Explicit and Implicit Information
Let’s start by looking at explicit information in writing.
Explicit information is clearly stated, leaving nothing implied. For example, the phrase “it was a dark and stormy night,” uses explicit information that leaves no room for debate. The reader cannot assume, by any stretch of the imagination, that the story is in fact taking place on a sunny morning.
Here’s another example of explicit information from the first line of Franz Kafka’s book, The Metamorphosis:
As Gregor Samsa awoke one morning from uneasy dreams, he found himself transformed in his bed into a monstrous vermin.
The book is, in fact, about a salesman named Gregor Samsa who wakes one morning to find himself inexplicably transformed into a huge insect. Therefore, as shocking and confusing as this first sentence might be, it is still stating the information explicitly.
Let’s compare that with the first line of J. M. Barrie’s Peter Pan:
All children, except one, grow up.
This is an example of an implicit statement. We aren’t told explicitly “there once was a boy named Peter Pan, and he magically never grew older,” but we are prepared for that eventual knowledge by this implicit sentence.
If something is implicit, it is not directly stated. The reader must understand implicit information and facts based on other clues in the text. Let’s think back to our “dark and stormy night” example. What if the sentence ran like this: “The trees were swaying wildly outside Anne’s window as she prepared for bed, and the gutters were overflowing.”
Even though it’s not stated directly, the reference to Anne preparing for bed leads us to believe it’s nighttime, and the swaying trees and overflowing gutters are additional implicit clues that it is stormy.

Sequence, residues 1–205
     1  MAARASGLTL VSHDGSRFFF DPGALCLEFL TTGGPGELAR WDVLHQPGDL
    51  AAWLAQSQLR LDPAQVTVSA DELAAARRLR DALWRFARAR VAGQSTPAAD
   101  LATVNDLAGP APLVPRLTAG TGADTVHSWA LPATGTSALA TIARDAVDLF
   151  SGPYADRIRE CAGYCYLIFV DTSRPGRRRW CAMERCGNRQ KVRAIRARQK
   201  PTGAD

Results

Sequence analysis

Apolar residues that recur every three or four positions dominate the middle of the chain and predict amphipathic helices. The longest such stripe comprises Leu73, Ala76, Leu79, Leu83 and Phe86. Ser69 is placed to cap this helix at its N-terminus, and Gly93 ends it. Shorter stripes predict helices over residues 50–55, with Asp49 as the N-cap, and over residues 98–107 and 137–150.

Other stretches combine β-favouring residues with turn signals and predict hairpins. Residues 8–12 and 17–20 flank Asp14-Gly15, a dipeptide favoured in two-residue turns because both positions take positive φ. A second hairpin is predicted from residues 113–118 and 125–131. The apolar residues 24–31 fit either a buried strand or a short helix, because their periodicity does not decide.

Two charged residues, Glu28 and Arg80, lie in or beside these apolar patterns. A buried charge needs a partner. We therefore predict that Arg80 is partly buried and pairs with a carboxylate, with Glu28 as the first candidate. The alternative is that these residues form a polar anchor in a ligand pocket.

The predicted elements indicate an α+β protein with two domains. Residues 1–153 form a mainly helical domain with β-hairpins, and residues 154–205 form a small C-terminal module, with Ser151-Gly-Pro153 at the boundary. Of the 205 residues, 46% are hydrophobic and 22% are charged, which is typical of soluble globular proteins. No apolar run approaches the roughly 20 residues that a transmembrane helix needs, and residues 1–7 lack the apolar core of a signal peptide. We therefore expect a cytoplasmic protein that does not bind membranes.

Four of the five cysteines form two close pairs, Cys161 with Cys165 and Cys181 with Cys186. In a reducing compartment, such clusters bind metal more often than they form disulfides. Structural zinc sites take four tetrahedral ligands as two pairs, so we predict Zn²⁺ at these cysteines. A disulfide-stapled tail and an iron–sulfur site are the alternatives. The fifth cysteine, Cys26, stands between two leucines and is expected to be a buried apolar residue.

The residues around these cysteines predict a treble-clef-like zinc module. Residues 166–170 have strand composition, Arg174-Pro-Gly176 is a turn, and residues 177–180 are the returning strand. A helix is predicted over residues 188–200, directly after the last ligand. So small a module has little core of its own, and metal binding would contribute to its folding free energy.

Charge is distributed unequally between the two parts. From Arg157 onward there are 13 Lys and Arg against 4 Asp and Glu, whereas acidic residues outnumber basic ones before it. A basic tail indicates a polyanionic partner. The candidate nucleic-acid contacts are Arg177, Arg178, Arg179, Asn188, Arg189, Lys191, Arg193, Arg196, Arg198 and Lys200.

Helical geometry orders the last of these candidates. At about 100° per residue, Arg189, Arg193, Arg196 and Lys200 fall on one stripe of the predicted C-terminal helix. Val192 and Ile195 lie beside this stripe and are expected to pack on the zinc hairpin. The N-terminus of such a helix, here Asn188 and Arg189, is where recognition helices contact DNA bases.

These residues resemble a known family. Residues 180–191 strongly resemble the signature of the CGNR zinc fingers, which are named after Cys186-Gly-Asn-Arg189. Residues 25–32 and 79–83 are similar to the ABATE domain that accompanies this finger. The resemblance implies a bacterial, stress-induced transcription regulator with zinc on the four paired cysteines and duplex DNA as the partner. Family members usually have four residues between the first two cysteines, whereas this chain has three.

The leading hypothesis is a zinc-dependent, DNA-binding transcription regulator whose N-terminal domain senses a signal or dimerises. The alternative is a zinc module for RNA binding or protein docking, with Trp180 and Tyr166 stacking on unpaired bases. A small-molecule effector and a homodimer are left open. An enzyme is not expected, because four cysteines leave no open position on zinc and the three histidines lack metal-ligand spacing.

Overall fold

How can the knowledge of explicit and implicit information influence your writing?
Sometimes, stating something clearly can be the best way to make your point. This can be true in fiction, like in the Franz Kafka piece we looked at earlier, but it is especially true in essays and reports. You want to use explicit information and facts in scientific and non-fiction writing because it is clear and unmistakable. You don’t want your reader to have to guess your meaning.
Implicit information has a place as well, especially in fiction. You may not realize it, but you use implicit information every day to communicate. Have you ever told someone, “trash pick up is tomorrow,” and really meant “please put the trash on the curb?” Implicit information can help your writing seem more natural, and often be a better–although more roundabout–way to make your point.
The important thing to remember when using implicit information is that the reader will be forced to guess your meaning from clues in the text. Make your clues clear, then, so as to avoid any confusion. For example, if you write that a character hisses “it would be a shame if anything happened to you,” your reader might assume the statement is a threat. If you intend the reader to understand a less menacing implicit meaning, you might want to rephrase your statement like this:
“It would be a shame if you were hurt,” she said sincerely.
I hope that this video helped you understand explicit and implicit information in your writing. See you guys next time!